Carotenoids are the compounds in plants, such as tomatoes, carrots, and kale, that give them their vivid color. Grass-fed cows consume carotenoids through their natural diet, and those carotenoids are passed on to us through their milk. To meet the USDA qualification and labeling requirements for organic, cows must be pasture fed at least 120 days per year. With most factory-farmed cattle being fed an all-grain diet, it’s easy to see why we’d find more carotenoids in organic milk. Carotenoids also behave as antioxidants, and their effects are enhanced when combined with vitamin E, also in high concentrations in organic milk.
3. Organic Milk and Meat Has Less Iodine Fortification
The study showed 74% more iodine (iodide) in conventional milk, and while at first glance, less iodide in organic milk would seem to be a negative aspect, the truth is, there is a thin line between too little and too much iodide. Iodide is the form of iodine we can safely eat. Once we have taken in iodide, our thyroid converts it to iodine through a process called iodination, so iodide is essential to proper thyroid function.
In the United States, we don’t see a lot of iodine deficiency because we eat a lot of food rich in iodide, such as eggs, salmon, and potatoes. Even our table salt is iodized. In some parts of the world, however, where the soil is lacking or nutrition is poor, iodine deficiency is common.
The study reported, “Although there is a focus on overcoming iodine deficiency in some countries and sectors of society, there is also concern that excessive concentrations of iodine in milk and dairy products could result in thyrotoxicosis and other adverse health effects in both livestock and humans.” So we have to be careful to maintain the proper iodine balance because excess iodine in our bodies can cause the thyroid gland to swell, known as a goiter.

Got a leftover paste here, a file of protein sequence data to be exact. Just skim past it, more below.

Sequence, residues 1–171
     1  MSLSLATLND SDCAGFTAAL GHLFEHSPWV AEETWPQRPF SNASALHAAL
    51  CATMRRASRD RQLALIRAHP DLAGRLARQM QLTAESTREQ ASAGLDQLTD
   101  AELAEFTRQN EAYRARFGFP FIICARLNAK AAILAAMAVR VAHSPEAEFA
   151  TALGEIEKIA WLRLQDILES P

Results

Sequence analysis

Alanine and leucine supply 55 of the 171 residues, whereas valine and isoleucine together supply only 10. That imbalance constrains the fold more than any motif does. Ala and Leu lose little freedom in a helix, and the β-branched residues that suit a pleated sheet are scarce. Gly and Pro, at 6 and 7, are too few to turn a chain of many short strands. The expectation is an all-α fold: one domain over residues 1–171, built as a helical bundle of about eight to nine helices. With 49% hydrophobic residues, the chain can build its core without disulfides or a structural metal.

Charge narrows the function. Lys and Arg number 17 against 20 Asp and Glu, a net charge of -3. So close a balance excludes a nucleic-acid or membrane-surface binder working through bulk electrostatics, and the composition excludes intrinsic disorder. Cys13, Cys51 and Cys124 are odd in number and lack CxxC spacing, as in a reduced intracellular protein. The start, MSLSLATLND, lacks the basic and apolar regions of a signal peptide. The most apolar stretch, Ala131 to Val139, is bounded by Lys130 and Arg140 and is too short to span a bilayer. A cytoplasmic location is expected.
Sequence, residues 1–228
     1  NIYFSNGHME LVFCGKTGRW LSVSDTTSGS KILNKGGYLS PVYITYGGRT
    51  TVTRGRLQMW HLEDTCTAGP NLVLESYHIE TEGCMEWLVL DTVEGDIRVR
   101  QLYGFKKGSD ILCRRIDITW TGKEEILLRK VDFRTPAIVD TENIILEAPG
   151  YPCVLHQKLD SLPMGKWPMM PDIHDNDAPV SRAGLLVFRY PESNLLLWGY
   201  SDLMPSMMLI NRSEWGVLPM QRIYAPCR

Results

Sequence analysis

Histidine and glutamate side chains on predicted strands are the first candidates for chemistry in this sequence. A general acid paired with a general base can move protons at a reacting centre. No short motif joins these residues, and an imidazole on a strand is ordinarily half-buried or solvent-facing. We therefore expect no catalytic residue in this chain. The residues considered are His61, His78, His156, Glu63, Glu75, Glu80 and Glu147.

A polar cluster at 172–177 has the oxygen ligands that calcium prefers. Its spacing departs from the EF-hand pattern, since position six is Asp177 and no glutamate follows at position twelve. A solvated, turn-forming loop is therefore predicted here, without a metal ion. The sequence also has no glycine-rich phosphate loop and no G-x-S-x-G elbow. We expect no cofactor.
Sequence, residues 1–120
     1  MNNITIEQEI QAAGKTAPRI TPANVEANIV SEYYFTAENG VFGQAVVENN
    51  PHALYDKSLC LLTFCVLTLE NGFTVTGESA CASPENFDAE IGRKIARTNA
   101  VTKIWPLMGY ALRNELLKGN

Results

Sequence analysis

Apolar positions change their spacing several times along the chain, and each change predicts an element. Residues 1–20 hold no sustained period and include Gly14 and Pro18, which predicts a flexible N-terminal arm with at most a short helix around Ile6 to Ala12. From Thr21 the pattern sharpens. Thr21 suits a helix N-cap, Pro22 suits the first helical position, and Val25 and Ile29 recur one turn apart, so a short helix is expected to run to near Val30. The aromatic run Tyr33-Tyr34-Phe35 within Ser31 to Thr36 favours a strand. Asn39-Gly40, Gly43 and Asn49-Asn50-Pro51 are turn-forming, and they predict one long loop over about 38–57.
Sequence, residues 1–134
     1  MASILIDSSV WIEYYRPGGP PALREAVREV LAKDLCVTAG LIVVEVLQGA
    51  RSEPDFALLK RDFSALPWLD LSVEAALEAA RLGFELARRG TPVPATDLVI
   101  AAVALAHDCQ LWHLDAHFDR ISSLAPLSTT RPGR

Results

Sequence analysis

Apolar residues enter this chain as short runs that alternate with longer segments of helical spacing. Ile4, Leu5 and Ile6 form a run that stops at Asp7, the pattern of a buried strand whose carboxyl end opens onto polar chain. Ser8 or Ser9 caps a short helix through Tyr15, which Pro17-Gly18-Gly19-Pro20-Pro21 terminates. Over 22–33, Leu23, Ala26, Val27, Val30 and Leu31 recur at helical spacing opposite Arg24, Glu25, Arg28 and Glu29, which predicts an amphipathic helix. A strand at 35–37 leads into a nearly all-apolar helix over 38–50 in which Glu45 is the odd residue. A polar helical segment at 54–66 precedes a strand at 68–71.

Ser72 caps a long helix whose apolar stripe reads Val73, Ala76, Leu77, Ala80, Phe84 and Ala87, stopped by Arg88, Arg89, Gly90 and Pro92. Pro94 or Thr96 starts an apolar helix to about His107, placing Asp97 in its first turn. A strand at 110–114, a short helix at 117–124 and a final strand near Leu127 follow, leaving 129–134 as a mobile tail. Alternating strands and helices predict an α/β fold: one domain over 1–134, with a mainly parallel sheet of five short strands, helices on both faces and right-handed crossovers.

Unless you are in an area of the world where iodide is lacking in your diet, the lower amount of iodide in organic milk should not be a concern. If you are in the United States or somewhere with abundant sources of iodide-rich foods, the lower amount of iodide in organic milk is likely a benefit.
How Do I Know My Milk and Meat Is Really Organic?
That’s a good question, and it has a pretty clear answer. In order to qualify for the USDA ORGANIC label (the little green-and-white circle), there are some guidelines that must be met. These include time requirements that livestock must spend pasture grazing, and a specific percentage of their diet must consist of pasture grass. There must be no chemicals or pesticides used where cows feed, and no genetically modified (non-GMO) seeds can be used. Livestock may not receive any hormones or antibiotics. At the grocery store, look for this label on milk and meat products.
Possibly a better option, however, if you are lucky enough to have a dairy farm close by, would be to get your milk and meat directly from the source. Get to know the farmer and his or her staff. Watch firsthand the cows grazing in the pastures. Be sure to ask questions though; just because their cows are pasture fed doesn’t make it a given that their milk and meat is organic. They may still use pesticides in their pastures or give their cows hormones. In this case, you’re better off getting store-bought certified organic milk and meat. Questions you might ask at your local dairy farm include the following:
- What percentage of your cows’ diets come from pasture grasses?
- How many days a year do your cows graze?
- Do you use any chemicals or pesticides on your pastures?
- Do you seed your fields with any genetically modified seeds?
- Do your cows receive any hormones or antibiotics?
The upshot? It’s no hype! Organic milk and meat, and organic food in general, is better for you. It all hearkens back to time before we turned our food supply into a huge factory!